– Max Finis
    Commented Jun 1, 2016 at 14:15
  • Sorry, a minor not C major.
    – Max Finis
    Commented Jun 1, 2016 at 14:22
  • I usually like to listen to an audio recording and then follow the sheet music. I don't see the performer's hands or bodily expression when they hit and hold that one chord or note, so I can't buy this rationale, though I understand it. Commented Jun 2, 2016 at 1:04
  • @MickaelCaruso: The only way to hear Liszt's music in his day would have been to sit in a room and listen to (and watch) someone play it. Audio recordings were only invented shortly before his death. Commented Jan 30, 2021 at 14:10

I agree with Tab's comment — this is probably an artifact from re-arranging the piece from a wind/other instrument that could indeed alter the volume at will over the duration of a single note.

It could also be a poor way of indicating a transition from one volume to another, with the note being a single intermediary volume.

However, if the marking looks like an extremely short decrescendo on the note then it's actually an accent, indicating that the note should be accented and stand out (typically via a sharp boost in volume compared to the surroundings).



  • Given that many piano pieces are sometimes performed on other kinds of keyboard instruments, some of which do allow dynamics to be applied within a note, the dynamics could help performers on those other instruments. Alternatively, although this is maybe stretching a little, most pianos would in fact make it possible to produce crescendo during a sustained note by gradually opening the cover. I don't know of anyone actually doing such a thing in performance (it would probably require an assistant) but it might sound good if the piano had a mechanism to allow a quick but slam-free reclose.
    – supercat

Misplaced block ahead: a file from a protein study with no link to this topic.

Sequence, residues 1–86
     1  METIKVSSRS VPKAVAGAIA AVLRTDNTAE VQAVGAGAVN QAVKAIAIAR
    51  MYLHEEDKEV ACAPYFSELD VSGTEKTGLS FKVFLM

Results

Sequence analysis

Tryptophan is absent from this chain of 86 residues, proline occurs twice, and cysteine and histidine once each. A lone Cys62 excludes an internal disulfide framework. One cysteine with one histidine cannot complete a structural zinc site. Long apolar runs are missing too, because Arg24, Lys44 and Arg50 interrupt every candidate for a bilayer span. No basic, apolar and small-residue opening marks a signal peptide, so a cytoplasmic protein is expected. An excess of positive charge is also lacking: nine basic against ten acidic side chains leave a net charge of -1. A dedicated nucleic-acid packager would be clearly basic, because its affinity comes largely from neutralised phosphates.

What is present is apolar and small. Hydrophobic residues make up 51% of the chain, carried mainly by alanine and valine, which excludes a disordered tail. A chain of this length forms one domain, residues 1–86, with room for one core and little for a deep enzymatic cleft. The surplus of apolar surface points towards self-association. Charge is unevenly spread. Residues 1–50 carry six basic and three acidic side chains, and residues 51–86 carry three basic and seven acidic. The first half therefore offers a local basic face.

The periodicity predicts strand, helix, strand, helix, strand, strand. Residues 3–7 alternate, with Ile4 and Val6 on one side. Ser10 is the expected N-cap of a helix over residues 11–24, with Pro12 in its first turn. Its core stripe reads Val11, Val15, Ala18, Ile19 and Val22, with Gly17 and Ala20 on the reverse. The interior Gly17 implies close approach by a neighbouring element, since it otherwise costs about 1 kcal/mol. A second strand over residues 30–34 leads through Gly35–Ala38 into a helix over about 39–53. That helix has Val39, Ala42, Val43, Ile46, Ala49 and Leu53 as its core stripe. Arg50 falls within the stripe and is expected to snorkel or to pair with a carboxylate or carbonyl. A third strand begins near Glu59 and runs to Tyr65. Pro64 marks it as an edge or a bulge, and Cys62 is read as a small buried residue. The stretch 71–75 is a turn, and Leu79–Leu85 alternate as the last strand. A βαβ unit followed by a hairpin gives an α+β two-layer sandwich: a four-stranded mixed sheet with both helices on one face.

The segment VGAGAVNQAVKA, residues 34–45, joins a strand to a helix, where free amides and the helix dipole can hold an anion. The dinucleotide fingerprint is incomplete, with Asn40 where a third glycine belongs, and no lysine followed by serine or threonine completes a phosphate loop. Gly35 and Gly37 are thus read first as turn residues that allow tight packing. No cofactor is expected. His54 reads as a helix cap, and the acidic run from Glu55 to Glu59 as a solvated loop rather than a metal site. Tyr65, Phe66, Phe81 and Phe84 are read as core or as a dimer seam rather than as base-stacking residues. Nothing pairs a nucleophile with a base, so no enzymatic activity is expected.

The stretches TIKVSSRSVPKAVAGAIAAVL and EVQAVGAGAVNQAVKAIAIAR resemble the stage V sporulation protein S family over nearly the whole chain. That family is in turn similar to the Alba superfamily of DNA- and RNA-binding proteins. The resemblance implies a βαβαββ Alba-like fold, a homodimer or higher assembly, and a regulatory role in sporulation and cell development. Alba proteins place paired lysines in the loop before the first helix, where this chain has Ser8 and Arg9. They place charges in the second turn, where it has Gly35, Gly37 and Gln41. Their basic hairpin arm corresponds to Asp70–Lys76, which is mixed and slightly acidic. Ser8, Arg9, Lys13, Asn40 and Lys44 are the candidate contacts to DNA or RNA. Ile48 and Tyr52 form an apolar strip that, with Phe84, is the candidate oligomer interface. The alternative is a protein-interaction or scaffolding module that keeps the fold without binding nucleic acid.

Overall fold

Commented Jun 1, 2016 at 17:10

This is obviously not an answer (can't post photos in comments), but here is an example: from Debussy's Des pas sur la neige, bar 1:

enter image description here

  • In this case, the 2nd note (first E natural) would be played louder than the other two (marginally so), and the sound of the third note in decay would naturally create the decrescendo. Perhaps helpful is the observation that Debussy is signifying the sound he wishes the audience to hear instead of the actions of the pianist him/herself. Commented Jun 1, 2016 at 21:01
  • 1
    I understand how he wants the D softer than the E in beat 1, and the E softer than the F on beat 3. 44 bpm is slow, but I don't think it's slow enough to notice the natural decay, thus, those decrescendos are phantoms! Commented Jun 2, 2016 at 0:52

I agree with Pete on this one: my German/Russian piano teacher would often talk about how composers of the 19th century wanted to treat the piano as if it were not a percussion instrument, and how one of the most difficult but most important things about piano playing is to produce the illusion that the instrument can act like a wind or string instrument, with in-note dynamic changes. Of course this is impossible, but a composer who wanted their piano music to "feel" like orchestral music would naturally think of crescendos and decrescendos in this way, and expect a pianist to compensate through gesture or "cheating".

  • Note: as far as I can tell, this is limited to Romantic era classical music. Jazz, pop, new age, etc., don't have this expectation of pianos and I would seriously question the typesetter if I saw a crescendo or decrescendo on one note in those styles of music.
    – Chandrew
    Commented Jun 1, 2016 at 18:24